The Eurasian beaver is listed on some annexes of the Council Directive 92/43/EEC on the conservation of natural habitats and wild fauna and flora (the so-called Habitats Directive), which is given legal effect in Scotland in the Conservation (Natural Habitats, &c.) Regulations 1994 (as amended), commonly referred to as the Habitats Regulations (Gaywood et al. 2015). The Habitats Directive gives strict legal protection to beavers, and their breeding and resting sites. Following the conclusion of the Scottish Beaver Trial and a report to the Scottish Government (Gaywood et al. 2015), beavers from both populations were recognised as a European Protected Species on 1 May 2019. However, derogations under Article 16 of the Habitats Directive are permissible to allow management of beaver populations where these conflict with human activities provided that (Pillai et al. 2012):
- there is no satisfactory alternative;
- they are not detrimental to the maintenance of the species at a favourable conservation status in their natural range; and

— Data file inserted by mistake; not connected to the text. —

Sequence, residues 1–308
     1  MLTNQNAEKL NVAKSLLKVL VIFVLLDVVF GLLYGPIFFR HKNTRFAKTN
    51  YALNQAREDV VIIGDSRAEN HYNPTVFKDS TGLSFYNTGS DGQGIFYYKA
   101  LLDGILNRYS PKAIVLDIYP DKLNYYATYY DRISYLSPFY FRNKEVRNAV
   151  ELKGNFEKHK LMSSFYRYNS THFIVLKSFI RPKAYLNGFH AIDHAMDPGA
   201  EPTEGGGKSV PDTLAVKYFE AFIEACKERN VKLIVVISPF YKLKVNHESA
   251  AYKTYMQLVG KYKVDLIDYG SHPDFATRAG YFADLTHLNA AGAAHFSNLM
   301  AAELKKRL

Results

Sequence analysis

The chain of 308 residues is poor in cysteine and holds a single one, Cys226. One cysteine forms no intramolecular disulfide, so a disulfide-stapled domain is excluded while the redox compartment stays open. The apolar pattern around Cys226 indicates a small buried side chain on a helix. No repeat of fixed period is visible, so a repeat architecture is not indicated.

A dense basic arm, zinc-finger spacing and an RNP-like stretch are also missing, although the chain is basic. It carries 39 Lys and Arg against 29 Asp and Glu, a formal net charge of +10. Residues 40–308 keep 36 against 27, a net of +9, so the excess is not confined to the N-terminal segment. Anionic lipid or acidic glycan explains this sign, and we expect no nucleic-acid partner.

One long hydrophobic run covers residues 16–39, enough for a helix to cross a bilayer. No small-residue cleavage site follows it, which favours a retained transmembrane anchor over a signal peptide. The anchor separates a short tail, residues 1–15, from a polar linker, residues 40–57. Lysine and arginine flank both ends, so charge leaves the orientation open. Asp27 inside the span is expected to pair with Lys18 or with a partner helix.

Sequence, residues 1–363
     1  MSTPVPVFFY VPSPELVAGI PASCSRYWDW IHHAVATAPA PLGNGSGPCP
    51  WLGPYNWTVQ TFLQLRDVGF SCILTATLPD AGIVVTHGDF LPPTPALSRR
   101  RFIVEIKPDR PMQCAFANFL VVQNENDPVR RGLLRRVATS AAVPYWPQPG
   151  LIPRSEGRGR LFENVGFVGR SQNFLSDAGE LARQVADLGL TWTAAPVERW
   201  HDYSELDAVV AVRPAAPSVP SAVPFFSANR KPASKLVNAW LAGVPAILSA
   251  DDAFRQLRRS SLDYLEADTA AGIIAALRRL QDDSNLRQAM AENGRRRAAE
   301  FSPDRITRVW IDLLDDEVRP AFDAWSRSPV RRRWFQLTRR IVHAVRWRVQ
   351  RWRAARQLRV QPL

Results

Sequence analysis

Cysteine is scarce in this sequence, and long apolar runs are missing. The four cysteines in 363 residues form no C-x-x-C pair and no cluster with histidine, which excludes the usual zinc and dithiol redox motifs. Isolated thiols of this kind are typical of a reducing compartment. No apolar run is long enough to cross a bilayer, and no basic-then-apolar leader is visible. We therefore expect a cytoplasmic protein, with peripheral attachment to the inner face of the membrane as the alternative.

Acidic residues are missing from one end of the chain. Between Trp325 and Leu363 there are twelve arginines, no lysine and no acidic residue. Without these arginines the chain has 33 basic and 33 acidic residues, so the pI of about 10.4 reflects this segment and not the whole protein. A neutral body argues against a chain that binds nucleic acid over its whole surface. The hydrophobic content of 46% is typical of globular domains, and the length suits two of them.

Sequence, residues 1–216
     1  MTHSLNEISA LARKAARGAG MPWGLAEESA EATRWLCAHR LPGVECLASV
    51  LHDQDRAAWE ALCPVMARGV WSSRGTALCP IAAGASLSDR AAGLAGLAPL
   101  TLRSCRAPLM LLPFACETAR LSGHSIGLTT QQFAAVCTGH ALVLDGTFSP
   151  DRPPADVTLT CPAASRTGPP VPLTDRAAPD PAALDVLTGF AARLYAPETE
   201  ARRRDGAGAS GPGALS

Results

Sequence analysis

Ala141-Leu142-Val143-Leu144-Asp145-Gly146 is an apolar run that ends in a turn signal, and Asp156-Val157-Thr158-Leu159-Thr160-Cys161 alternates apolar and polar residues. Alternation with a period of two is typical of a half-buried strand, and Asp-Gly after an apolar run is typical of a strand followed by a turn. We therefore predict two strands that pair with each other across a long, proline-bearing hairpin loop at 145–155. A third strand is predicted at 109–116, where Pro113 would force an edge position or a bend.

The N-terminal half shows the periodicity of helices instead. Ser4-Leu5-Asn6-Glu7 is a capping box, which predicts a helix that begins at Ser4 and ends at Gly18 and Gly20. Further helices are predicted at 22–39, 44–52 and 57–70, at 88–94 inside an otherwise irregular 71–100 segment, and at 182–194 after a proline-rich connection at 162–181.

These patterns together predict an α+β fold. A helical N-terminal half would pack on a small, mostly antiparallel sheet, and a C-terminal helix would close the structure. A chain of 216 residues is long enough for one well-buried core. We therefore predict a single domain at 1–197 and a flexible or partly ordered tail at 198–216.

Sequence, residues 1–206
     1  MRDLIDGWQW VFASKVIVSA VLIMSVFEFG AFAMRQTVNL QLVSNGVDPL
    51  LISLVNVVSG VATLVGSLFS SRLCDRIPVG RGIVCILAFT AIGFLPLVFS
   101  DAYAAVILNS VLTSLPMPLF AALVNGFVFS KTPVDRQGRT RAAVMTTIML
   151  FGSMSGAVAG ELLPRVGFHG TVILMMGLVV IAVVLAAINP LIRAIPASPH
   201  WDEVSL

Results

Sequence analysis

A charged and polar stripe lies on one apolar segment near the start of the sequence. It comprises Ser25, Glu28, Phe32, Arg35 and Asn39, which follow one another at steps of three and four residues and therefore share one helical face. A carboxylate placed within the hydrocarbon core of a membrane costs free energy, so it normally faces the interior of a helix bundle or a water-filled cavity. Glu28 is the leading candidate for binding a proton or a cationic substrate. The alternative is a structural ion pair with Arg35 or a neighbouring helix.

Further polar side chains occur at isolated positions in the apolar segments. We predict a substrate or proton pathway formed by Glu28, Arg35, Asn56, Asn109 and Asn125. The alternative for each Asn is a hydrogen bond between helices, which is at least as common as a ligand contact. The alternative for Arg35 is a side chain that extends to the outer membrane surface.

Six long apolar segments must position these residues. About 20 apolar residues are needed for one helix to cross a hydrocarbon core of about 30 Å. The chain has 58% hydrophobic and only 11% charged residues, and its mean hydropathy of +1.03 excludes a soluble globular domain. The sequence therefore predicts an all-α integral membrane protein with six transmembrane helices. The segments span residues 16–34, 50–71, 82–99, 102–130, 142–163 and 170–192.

- the grounds for the derogation fall within the categories listed in Article 16(1).
Reasons for issuing derogations for killing beavers include the need to protect wild fauna and flora and conserve natural habitats, prevent serious damage, e.g., to crops, livestock, forests, fisheries, water, and property, or in the interests of public health and safety or other imperative reasons of public interest, including social and economic, or impacts on the natural environment (Pillai et al. 2012, Gaywood et al. 2015).
The Knapdale population continues to develop slowly, probably given the limitations for its spread from there into adjacent areas, but it is supporting ecotourism for those wishing to see beavers in the wild, which is estimated to generate monetary benefits locally of £1.059 to 6.698 million during the Scottish Beaver Trial (Gaywood et al. 2015). However, the rapidly growing population on Tayside is causing continuing conflicts with landowners, including flooding of crops, damage to river banks and drainage infrastructure, and loss of trees. Anglers are also concerned at the loss of suitable breeding habitat for salmonid fishes and the impact of beaver dams on fish migration. This is especially important for the Atlantic salmon, which is declining due to a variety of factors.